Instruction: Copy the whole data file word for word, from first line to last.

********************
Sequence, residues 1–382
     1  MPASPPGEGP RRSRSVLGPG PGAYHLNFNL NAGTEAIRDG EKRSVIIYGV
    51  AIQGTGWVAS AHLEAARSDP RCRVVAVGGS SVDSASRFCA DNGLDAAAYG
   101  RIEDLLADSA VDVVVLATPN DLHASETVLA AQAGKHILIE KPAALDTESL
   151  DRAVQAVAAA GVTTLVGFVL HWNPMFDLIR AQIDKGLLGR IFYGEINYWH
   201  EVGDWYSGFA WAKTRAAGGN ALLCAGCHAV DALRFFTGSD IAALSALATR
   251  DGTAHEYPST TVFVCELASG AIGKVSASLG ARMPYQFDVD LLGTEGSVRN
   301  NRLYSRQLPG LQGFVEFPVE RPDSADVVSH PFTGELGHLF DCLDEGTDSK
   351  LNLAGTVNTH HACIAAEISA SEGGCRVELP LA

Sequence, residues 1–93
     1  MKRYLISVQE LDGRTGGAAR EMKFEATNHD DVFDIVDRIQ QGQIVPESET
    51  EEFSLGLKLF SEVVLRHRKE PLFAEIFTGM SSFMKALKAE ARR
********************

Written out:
Sequence, residues 1–382
     1  MPASPPGEGP RRSRSVLGPG PGAYHLNFNL NAGTEAIRDG EKRSVIIYGV
    51  AIQGTGWVAS AHLEAARSDP RCRVVAVGGS SVDSASRFCA DNGLDAAAYG
   101  RIEDLLADSA VDVVVLATPN DLHASETVLA AQAGKHILIE KPAALDTESL
   151  DRAVQAVAAA GVTTLVGFVL HWNPMFDLIR AQIDKGLLGR IFYGEINYWH
   201  EVGDWYSGFA WAKTRAAGGN ALLCAGCHAV DALRFFTGSD IAALSALATR
   251  DGTAHEYPST TVFVCELASG AIGKVSASLG ARMPYQFDVD LLGTEGSVRN
   301  NRLYSRQLPG LQGFVEFPVE RPDSADVVSH PFTGELGHLF DCLDEGTDSK
   351  LNLAGTVNTH HACIAAEISA SEGGCRVELP LA

Sequence, residues 1–93
     1  MKRYLISVQE LDGRTGGAAR EMKFEATNHD DVFDIVDRIQ QGQIVPESET
    51  EEFSLGLKLF SEVVLRHRKE PLFAEIFTGM SSFMKALKAE ARR